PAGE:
Britain's opposition Labour Party on Tuesday accused Prime Minister Rishi Sunak's government of being out of touch with reality by signalling that voters will soon feel the benefit from the end of a recession likely to be confirmed by data this week.

With Labour far ahead of Sunak's Conservatives in opinion polls before an election later this year, its finance chief Rachel Reeves used a speech on Tuesday to try to derail attempts by the government to rebuild its reputation on the economy.

"When the prime minister and chancellor say: 'we've turned the corner, the plan is working, look out for the feel-good factor', I think that's deluded, and it's really out of touch with the realities that people are facing," Reeves said.

Sunak and finance minister Jeremy Hunt have argued that the drop in inflation and improving economic data show that the economy is emerging from the chaos of the COVID-19 pandemic and the energy crisis that followed Russia's invasion of Ukraine.

Sunak said on Monday that he was determined to show the country that it was making progress, even after his party suffered heavy blows in local and mayoral elections last week.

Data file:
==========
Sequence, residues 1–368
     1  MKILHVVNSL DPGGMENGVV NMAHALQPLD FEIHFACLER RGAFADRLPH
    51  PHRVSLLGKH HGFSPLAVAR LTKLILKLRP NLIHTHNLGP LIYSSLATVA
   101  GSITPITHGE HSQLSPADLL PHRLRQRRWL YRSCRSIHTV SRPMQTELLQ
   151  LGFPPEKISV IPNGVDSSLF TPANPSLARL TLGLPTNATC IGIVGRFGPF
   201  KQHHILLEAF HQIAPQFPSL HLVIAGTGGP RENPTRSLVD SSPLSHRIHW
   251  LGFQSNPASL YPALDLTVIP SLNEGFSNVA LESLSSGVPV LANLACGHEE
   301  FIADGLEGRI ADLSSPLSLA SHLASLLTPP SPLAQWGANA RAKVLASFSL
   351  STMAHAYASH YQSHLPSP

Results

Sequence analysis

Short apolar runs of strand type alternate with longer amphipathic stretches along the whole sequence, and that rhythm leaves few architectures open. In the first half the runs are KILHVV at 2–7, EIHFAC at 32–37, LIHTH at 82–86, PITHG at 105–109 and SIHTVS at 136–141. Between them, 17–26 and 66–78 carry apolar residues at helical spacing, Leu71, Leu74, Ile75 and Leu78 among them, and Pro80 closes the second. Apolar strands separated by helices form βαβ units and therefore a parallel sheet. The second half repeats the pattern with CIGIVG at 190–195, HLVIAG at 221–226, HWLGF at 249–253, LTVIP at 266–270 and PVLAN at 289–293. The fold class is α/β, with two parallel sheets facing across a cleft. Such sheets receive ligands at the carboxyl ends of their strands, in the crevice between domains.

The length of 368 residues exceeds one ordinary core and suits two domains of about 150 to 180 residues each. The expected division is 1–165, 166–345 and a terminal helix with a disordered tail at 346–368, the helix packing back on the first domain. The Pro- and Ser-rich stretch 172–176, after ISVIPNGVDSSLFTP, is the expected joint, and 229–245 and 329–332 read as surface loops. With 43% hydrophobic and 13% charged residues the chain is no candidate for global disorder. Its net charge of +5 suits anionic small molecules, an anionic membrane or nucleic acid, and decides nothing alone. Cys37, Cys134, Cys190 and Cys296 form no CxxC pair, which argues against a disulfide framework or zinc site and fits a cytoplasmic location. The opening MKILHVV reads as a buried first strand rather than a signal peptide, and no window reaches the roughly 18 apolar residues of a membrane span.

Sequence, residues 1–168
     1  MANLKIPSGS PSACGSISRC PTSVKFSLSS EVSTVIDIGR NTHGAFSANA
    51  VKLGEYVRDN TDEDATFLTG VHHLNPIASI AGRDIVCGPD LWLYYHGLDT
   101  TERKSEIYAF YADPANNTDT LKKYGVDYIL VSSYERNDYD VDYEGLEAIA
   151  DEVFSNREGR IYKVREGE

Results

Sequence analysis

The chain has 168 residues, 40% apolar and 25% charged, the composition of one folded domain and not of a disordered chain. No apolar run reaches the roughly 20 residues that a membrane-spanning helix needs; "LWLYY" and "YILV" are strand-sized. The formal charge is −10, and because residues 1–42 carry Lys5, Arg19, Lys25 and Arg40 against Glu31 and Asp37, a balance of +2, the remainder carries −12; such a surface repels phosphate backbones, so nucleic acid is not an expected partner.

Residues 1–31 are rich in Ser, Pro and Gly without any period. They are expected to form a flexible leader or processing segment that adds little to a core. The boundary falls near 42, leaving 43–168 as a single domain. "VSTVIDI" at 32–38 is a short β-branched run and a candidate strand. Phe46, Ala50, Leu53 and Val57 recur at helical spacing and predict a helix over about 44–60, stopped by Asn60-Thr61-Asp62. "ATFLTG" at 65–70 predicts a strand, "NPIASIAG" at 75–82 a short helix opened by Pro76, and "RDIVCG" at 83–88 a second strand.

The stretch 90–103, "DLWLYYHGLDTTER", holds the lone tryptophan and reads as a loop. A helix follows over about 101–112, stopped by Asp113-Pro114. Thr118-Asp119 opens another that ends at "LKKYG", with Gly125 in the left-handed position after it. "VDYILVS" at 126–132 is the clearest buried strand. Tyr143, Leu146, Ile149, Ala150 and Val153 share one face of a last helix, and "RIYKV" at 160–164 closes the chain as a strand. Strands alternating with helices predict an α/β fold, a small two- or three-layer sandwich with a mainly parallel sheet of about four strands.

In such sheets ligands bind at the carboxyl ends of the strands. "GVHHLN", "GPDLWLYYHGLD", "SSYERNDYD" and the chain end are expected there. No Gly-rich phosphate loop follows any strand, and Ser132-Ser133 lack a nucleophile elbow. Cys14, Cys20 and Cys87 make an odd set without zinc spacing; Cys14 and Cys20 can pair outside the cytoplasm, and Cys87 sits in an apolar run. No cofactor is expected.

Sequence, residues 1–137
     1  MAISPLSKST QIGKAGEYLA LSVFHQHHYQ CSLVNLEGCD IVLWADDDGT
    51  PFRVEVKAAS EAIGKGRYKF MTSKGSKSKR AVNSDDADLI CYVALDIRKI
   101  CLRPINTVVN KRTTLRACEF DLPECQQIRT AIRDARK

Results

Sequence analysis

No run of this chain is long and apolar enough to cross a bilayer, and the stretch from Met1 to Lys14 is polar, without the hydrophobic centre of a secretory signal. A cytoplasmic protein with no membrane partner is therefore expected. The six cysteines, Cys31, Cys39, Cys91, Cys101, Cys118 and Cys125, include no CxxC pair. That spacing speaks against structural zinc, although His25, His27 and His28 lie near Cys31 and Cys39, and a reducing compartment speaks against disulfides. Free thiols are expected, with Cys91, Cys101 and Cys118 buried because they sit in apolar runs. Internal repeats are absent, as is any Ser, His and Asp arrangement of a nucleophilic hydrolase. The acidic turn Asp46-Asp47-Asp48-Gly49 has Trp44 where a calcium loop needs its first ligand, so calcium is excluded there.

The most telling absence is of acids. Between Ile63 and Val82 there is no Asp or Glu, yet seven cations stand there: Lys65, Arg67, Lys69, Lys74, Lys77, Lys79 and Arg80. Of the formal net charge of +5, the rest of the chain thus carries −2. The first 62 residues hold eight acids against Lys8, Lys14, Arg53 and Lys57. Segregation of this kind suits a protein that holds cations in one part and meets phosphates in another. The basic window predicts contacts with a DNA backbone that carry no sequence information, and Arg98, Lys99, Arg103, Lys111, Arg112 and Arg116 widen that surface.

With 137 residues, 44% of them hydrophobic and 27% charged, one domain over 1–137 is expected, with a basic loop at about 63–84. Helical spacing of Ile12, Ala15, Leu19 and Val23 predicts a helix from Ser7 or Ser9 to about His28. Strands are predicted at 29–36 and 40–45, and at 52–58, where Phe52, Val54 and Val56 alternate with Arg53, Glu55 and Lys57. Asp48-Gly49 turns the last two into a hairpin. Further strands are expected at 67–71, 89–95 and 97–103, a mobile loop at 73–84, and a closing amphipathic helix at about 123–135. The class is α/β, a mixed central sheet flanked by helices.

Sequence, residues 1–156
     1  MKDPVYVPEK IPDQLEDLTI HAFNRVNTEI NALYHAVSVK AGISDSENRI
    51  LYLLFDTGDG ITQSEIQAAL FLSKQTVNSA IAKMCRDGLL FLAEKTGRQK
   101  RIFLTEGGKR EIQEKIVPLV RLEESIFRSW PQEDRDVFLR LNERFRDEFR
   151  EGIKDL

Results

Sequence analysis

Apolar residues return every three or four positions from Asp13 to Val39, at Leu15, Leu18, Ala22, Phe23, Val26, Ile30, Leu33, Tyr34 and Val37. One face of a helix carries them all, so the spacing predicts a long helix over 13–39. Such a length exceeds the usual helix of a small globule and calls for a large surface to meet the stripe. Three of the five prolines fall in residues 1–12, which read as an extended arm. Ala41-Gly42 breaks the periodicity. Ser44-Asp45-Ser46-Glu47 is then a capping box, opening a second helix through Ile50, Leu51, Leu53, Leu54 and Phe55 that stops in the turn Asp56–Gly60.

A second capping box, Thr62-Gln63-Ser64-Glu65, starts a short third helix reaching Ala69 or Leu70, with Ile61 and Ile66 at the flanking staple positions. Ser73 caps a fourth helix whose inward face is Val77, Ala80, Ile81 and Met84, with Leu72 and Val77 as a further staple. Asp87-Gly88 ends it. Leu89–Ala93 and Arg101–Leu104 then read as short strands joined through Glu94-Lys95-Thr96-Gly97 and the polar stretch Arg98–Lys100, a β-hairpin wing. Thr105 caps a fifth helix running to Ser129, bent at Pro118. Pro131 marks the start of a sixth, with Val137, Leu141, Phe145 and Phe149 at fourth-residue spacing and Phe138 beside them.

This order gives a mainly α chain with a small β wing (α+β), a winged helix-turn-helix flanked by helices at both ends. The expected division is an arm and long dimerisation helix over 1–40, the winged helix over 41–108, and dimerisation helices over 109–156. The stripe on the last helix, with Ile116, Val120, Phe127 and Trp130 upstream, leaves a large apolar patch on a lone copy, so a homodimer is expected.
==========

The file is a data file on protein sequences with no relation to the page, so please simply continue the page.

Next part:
But Reeves highlighted forecasts showing household disposable income, adjusted for inflation, is on course to fall between one British national election and the next for the first time since at least the 1950s.

"And yet you've got this bizarre situation at the moment where Rishi Sunak and Jeremy Hunt are going on some sort of victory lap for getting minimal growth rather than being in recession," Reeves said.

"I'm just so much more ambitious for our country than that," she said, pointing to Labour's aim to make Britain the fastest-growing Group of Seven economy by restoring the country's political stability and attracting more private investment.

Economists polled by Reuters predict that official figures due on Friday will show Britain's economy grew by 0.4% in the first three months of 2024 after declining in the third and fourth quarters of 2023, which represented a shallow recession.

Hunt said last week that Britain was winning the war against inflation which peaked above 11% in later 2022 and that the government needed to stick to its plan to return the economy to longer-term growth. (Reporting by William Schomberg, editing by Ed Osmond)